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One Response to The Chilling Effect of Congressional Micromanagement on Drug Approvals

  1. Kerry Donahue says:

    FDA SAYS, “WAIT” TO DYING MEN
    COAST-TO-COAST PROSTATE CANCER DEMONSTRATIONS ON MAY 30th IN PROTEST OF FDA FAILURE TO APPROVE SAFE, EFFECTIVE IMMUNOTHERAPY
    On May 30, 2008, CareToLive will take to the streets with coast-to-coast protests in Chicago, New York, Philadelphia, Cleveland, Madison, Atlanta, Seattle, Dearborn, and Tampa. Joining us will be the Cancer Cure Coalition, the Abigail Alliance, and A Right To Live. We are asking all patient advocates to come out and attend a protest.
    1 in 6 men get prostate cancer. 75 American men die from it every day. The FDA has not approved a treatment for stage IV prostate cancer in over 43 years.
    CareToLive, a not for profit corporation, seeks transparency and accountability from the FDA, as to why they disregarded the advice of their hand selected Congressionally mandated Advisory Panel of experts, who voted Provenge overwhelmingly safe and effective. Without cause or explanation, in an unprecedented action, the FDA denied licensure. We are seeking immediate access to Provenge for all men with end stage prostate cancer.
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    The dysfunctional FDA’s reason for delay has never been explained, as it was not science based, since survival and safety have been clearly demonstrated.
    CareToLive filed a Citizens Petition for the FDA to reconsider the wrongful denial, (the only recourse the FDA allows), on July 26, 2007. The FDA has failed to follow Federal regulation and to this day they have not properly responded to our Petition, which seeks immediate access to Provenge for these desperate men. The FDA also refuses to respond to the CareToLive Freedom of Information Act request, which they know would prove that a few FDA insiders, who cared more about serving their own interests, rather than the best interest of the patients, purposely sabotaged Provenge.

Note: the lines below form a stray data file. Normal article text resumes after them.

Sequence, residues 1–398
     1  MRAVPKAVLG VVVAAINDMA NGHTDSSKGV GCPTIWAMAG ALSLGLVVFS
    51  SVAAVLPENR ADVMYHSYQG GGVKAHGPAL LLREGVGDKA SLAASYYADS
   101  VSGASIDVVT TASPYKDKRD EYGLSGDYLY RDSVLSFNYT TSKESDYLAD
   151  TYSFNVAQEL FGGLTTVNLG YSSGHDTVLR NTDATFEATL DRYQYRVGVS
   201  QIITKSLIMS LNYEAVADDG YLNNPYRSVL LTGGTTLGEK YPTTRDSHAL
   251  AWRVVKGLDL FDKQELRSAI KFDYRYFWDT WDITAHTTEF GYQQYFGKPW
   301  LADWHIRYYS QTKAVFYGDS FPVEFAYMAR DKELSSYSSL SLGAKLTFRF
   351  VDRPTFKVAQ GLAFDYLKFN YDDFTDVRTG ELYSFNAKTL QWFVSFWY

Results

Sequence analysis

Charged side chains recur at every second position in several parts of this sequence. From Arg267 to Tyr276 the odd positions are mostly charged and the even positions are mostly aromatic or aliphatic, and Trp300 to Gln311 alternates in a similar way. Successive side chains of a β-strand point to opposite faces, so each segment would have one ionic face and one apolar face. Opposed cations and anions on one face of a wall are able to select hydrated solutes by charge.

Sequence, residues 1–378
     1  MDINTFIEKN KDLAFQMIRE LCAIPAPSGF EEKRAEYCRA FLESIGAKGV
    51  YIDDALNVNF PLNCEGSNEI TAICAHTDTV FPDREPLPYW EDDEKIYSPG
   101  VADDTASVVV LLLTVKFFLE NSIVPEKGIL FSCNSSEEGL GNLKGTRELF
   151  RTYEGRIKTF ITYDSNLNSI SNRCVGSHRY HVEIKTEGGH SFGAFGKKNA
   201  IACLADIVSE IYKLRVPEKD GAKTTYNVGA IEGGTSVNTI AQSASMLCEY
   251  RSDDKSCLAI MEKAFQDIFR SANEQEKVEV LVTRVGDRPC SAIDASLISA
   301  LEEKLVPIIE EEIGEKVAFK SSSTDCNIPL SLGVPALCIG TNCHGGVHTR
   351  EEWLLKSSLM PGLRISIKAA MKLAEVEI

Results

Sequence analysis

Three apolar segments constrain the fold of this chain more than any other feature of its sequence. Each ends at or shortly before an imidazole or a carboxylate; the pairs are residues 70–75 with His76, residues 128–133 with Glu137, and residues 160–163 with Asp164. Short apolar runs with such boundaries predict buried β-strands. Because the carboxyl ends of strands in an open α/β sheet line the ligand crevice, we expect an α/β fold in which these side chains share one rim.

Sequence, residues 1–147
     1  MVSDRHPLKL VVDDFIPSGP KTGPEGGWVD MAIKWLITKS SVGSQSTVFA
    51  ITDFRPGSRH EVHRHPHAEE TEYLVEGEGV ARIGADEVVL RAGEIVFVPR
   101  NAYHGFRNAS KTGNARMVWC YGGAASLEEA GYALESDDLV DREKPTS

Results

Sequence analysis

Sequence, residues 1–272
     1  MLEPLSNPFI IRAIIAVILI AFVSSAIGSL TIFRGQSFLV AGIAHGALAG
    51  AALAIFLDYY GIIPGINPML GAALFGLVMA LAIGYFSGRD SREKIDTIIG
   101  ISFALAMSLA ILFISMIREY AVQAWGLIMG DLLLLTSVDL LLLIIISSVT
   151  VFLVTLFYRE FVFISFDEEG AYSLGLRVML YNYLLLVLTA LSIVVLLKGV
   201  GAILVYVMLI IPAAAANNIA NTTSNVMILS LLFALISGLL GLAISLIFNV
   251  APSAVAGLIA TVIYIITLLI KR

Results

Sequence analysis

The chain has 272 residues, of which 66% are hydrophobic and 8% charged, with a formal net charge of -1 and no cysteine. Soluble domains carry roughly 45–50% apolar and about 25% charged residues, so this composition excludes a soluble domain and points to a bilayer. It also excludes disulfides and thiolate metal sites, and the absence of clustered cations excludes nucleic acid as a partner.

“In memory of our members who have recently passed away, never having been given the chance Provenge recipient Eduardo Garcia had, we will continue to fight on, every day, in every way we can. Please come out and join us,” CareToLive spokesperson, Mike Kearney, said.
    LOCATIONS:
    Seattle, Washington — 1 PM PDT
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    Coordinator – Jason Burdine jnaburdine@comcast.net
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    Chicago, Illinois — 3 PM CDT
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    Coordinator – Mike Kearney – publicrelations@caretolive.com
    Co-coordinator- Rory Kearney – rk@caretolive.com
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    Memorial Sloan-Kettering Cancer Center — 1275 York Avenue
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    For more information go to http://www.CareToLive.com